A glance towards the pond revealed the breathtaking view of a mountain mirrored in its dark surface. Looking above, mountains towered towards the sky encasing this waterbody in its midst. We were at the Kaludiya Pokuna in Mihintale pursuing the secrets hidden in its murky depths.
Words Krishani Peiris Photographs Indika De Silva
Ascending a staircase made of stone steps bordered by a light thicket, we alighted at the Kaludiya Pokuna or the Black Water Pond, which is 200 feet long and 70 feet wide. Ruins of an ancient monastery scattered around the pond greeted our curious eyes. Once called the Hadayunha Viharaya, the monastery is considered to be a donation from King Kashyapa.
Enriched with a fascinating history many tales are woven around the Kaludiya Pokuna. One ancient lore tells of a monk by the name of Kalubuddharakkhitha Thero who had sat with his back to a Kaluthimbiriya tree (East Indian Ebony) near the Kaludiya Pokuna on a new moon day and had preached the Kalakarama sutra to King Saddhatissa and his entourage. Some believe that the Kaludiya Pokuna became more renowned after this incident. Yet, it is assumed that the name Kaludiya came into being due to the blackness of the water that is caused by the reflections cast by surrounding rocks and trees.
Experts surmise that this pond was used as a place to observe ‘pohoya karma’ (cardinal tenets) and the building in the midst is a ‘pohoya gey’ (chapter house)
To our right we observed an olden dagaba that stood perched atop a landing. Made out of brick, only the dome has stood the test of time. Stepping through a stone archway that showed signs of having been part of an ancient rampart a little farther ahead, we strode along the length of a gravel path lined with grass, at points straying towards the pond where stone steps lead down to the dark waters. On the other side of the pond were ruins of a building made out of brick that rested in the midst of the pond. Certain experts surmise that this pond was used as a place to observe ‘pohoya karma’ (cardinal tenets) and the building in the midst is a ‘pohoya gey’ (chapter house). Begging to differ from this point of view, others point out that the space could have been utilised as an infirmary to care for afflicted monks.
More structures and remnants mimicking the pattern of edifices that had existed long ago encircled the grounds as the monastery is considered to depict a Panchavasa style where one raised structure is surrounded by others – such as an image house and a relic house to name a few. A curious rock with five holes caught our attention and we ventured to the place to observe it better. The four holes are thought to have been made so that either donations or monks bowls could be deposited there. A plaque nearby detailed an erased inscription that mentions of a person named Yuva who had donated a ‘ran kalandak’ (a small amount of gold). However, some experts believe that the inscription is mistakenly inscribed and should be understood as a ran kalasak (a pot of gold), which would constitute of a substantial amount worth mentioning.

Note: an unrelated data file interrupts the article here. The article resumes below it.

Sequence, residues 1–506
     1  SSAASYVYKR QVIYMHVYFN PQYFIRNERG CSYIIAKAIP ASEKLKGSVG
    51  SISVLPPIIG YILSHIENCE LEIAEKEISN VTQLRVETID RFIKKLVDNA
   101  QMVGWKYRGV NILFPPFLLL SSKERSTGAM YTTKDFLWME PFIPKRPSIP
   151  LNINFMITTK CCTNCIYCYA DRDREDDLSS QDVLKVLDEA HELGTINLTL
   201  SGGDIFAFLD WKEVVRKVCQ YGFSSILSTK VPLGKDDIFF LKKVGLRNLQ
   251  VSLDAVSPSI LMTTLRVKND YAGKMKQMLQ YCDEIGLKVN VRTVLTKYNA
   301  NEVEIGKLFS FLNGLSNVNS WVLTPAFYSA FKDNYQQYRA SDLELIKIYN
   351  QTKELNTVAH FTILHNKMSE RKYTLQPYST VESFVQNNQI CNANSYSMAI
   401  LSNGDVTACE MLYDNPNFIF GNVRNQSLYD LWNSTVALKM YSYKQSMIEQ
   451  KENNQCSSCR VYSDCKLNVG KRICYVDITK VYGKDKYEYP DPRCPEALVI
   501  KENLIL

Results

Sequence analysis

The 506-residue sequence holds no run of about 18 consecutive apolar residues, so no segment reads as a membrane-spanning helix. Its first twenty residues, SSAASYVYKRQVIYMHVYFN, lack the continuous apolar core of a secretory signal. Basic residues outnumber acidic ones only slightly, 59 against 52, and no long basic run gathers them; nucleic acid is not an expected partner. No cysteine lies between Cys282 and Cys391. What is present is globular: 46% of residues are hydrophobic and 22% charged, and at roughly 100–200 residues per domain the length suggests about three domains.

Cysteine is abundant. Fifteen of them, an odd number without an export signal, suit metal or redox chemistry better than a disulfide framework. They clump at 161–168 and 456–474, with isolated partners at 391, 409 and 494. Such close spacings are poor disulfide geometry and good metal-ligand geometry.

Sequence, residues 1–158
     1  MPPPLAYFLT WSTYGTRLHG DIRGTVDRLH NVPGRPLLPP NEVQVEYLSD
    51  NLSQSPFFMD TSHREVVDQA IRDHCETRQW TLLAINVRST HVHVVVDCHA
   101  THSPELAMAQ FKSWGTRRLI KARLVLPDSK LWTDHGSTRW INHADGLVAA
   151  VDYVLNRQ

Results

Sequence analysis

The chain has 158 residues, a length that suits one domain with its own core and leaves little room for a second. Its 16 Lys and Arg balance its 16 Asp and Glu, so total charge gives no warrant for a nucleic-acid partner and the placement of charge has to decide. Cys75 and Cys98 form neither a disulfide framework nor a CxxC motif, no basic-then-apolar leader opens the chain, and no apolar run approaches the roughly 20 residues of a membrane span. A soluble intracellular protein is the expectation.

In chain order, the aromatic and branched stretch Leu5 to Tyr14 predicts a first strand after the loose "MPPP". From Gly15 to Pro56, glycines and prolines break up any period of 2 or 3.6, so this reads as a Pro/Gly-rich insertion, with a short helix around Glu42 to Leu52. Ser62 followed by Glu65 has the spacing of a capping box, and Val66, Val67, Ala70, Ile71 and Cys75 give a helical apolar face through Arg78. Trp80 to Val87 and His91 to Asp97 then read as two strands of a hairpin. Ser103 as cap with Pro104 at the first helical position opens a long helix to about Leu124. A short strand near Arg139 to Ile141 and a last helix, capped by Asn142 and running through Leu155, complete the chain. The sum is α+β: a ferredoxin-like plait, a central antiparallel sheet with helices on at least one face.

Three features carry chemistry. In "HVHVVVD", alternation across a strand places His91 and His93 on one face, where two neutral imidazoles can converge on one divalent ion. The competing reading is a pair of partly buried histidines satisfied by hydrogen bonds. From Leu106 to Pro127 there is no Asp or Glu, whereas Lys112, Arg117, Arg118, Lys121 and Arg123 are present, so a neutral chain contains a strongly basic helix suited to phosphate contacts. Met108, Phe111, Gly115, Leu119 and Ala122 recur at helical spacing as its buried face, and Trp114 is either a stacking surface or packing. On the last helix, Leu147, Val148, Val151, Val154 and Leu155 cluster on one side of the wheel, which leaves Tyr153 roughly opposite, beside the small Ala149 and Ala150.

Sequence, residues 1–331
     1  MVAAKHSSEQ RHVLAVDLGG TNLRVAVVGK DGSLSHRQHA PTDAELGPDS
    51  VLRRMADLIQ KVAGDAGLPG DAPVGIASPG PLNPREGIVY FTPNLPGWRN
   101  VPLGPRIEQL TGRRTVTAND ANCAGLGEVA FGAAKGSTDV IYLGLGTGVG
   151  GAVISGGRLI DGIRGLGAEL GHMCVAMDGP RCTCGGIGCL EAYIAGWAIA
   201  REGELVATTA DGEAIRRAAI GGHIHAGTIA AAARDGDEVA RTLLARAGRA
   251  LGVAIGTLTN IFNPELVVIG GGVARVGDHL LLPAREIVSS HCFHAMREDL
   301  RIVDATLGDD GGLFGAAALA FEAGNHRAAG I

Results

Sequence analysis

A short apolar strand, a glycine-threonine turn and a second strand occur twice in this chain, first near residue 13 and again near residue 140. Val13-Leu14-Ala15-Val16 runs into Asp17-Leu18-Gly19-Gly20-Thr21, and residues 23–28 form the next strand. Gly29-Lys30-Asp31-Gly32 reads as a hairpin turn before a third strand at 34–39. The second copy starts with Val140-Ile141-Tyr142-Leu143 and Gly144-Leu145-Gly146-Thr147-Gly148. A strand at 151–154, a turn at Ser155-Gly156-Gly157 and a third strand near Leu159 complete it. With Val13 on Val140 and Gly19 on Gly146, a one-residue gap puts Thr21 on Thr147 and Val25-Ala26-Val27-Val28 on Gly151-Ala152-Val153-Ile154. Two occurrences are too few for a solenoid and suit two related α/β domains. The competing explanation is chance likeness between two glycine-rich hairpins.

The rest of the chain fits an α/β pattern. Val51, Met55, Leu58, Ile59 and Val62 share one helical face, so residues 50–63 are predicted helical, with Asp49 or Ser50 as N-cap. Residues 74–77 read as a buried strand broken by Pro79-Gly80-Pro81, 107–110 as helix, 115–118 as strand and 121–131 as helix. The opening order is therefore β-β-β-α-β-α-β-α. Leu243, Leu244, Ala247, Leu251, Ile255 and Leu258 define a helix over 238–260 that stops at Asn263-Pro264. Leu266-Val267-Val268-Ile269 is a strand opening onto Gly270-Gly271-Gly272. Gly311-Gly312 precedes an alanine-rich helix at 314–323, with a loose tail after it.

The Kaludiya Pokuna is located near Mihintale. When coming from Anuradhapura and cruising along the Kandy-Jaffna Highway, take a left and the site will be situated on the right hand side.
Continuing on with our exploration, our steps next carried us towards a set of stairs that led to a distinctive structure where a square section surrounded by hollowed ground remained. It is thought that in ancient times the hollowed section, similar to that of a small moat, was filled with water and acted as a gateway to cool the building while increasing its charm. Also within this area were two well preserved toilet stones depicting the advanced sanitary facilities that were available in the past.
The golden light of the setting afternoon sun washed over the ruins and basked all with its warmth, betraying the glory of a past long gone
Surrounding all these structures and spread throughout a vast space were caves that were difficult to access. However, one cave located close by gave a glimpse of an abode that might have been accommodated by monks during the Anuradhapura era. The entrance and the windows were decorated with simple yet intriguing frames, made out of stone with faint carvings. Inside the floor cave was smooth and showcased the dedication put forth in maintaining a comfortable living space. It is considered that though originally only Mihintale was dedicated to monks with the ataseta len (68 caves) more areas such as Kaludiya Pokuna were employed to accommodate the increasing numbers during monks’ rainy season retreats. Further, the only Piyangala or Padahana Garaya (Study hall for monks) in Mihintale is assumed to have been established in the Kaludiya Pokuna Monastery Complex.
Tracing our steps towards a rock, where a flight of steps carved led to the top, we clambered up to catch the impressions of the monastery in the disappearing rays of the afternoon sun. The golden light of the setting afternoon sun washed over the ruins and basked all with its warmth, betraying the glory of a past long gone. The quietude that encased the periphery was only stirred by the call of a bird, the chattering of a monkey or by a gust of wind. Closing my eyes, I drifted to the days of yore where instead of ruins an impressive monastery existed filled with the vibrancy of life…